Conservers, of course, don’t think there’s anything unwell about masculinity at all. And they definitely believe that masculinity ought not be impugned—as, in truth, it is—by the expression “healthy masculinity.” Imagine how a patient in a cancer ward would feel if a newly enlightened roommate began rejoicing about having healthy cancer. Probably offended. Maybe pissed off. Similarly a Conserver will never be persuaded that the masculinity he aspires to and embodies is unhealthy, or an affliction of some sort. Instead, the Conserver will regard the innuendo of “healthy masculinity” as itself a form of life-threatening attack.

Now, call me crazy, but I don’t see much long-term promise in talking only to Reformers or only to Conservers. And I certainly see no advantage in sending a message—“healthy masculinity”—that is sure to exacerbate the gender anxiety of anyone who doesn’t believe that subscribing to analog masculinity somehow makes a person sick. Shutting off communications with Conservers from the get-go by talking of “healthy and unhealthy masculinity” is at best vain and counterproductive and at worst inflammatory. Numerically Conservers represent a lot of penised people; they probably represent more than Reformers, who are still a minority inside the Conserver-dominant culture. But besides being a triggering turnoff to Conservers, there’s an even bigger problem with talking of “healthy masculinity”: It’s based on a well-meaning but ultimately faulty premise. It’s not the right fix for the problem. It’s actually a “cure” that reinvigorates a “disease.”

Many folks of goodwill want whatever’s wrong with the social gender identity manhood to be fixed comprehensively. Their hope is that the fix will avert all those male-gender-identity flare-ups that are well known to cause collateral damage. They want to live in a world where there is no need to be afraid of someone simply because they were born penised and socialized to be a man. In short, they want more harmony among human beings than we are presently accustomed to on the planet.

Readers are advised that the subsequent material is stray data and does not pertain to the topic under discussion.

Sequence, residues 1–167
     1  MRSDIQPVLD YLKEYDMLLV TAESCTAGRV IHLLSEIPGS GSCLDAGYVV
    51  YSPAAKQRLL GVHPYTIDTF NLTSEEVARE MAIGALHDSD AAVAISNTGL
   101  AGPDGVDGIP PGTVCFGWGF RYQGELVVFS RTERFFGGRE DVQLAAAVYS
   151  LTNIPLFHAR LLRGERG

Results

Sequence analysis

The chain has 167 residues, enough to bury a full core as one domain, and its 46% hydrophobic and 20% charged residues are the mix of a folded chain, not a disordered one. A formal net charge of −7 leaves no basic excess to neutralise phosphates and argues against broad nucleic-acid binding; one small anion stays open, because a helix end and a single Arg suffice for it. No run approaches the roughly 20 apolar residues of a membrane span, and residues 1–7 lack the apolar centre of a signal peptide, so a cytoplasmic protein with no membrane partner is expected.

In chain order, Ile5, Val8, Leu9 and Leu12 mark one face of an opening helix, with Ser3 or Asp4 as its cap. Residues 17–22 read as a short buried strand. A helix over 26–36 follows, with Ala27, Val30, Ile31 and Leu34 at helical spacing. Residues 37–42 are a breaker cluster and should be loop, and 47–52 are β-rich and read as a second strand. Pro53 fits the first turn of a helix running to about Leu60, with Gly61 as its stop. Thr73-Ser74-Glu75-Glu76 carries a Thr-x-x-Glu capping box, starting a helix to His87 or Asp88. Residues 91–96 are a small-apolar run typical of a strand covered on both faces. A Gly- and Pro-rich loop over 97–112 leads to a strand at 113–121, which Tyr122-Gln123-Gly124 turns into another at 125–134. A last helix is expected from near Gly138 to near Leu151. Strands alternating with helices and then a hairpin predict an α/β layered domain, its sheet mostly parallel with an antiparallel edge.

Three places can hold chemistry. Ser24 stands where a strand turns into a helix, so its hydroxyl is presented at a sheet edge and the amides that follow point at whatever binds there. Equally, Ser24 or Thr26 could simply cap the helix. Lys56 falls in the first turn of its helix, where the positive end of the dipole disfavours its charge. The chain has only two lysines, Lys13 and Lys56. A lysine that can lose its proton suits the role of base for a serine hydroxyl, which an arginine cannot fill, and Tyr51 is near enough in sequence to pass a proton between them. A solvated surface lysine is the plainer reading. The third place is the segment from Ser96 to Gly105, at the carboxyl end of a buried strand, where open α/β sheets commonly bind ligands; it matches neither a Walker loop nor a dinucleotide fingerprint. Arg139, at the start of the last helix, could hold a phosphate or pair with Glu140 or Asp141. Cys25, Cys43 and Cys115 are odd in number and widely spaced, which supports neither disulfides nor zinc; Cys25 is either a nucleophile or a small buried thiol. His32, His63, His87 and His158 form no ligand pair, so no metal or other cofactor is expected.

But here’s the rub: Any movement or campaign to remedy manhood cannot itself replicate the better-than/lesser-than oneupsmanship upon which—inside everyone’s head—manhood is definitionally predicated. Every time our acculturated brains want to identify certain penised people who are “doing masculinity” superiorly, we are reactivating the same mental scripts that were imprinted in us when we watched, or participated in, our earliest mano-a-mano fights. Someone was the victor. Someone was the loser. That was the way we learned the meaning of “manhood.” And that winner/loser, dominant/subordinate definitional prototype does not just vanish into thin air.

Instead we have to figure out a way to retrain brains, and reframe what the problem is precisely. To explain what I mean, I’m going to digress a bit and talk about what’s known as bystander-intervention training.

Basically bystander-intervention training is a program to equip penised people with communication skills, empathy, emotional intelligence, relational tactics, and a sense of personal agency to intervene when they see another penised person about to commit a sexual assault. Bystander-intervention training is widely regarded as one of the most effective means of primary sexual-assault prevention in social situations such as bars and parties where there are likely to be observers.

A big part of the program is teaching trainees (who tend to be Reformers) how to address one or several other penised people (often but not always Conservers) in a way that will effectively interrupt a probable assault-in-progress, create an exit option for a probable victim, and—here’s the tricky part—not precipitate a cockfight with the probable perp.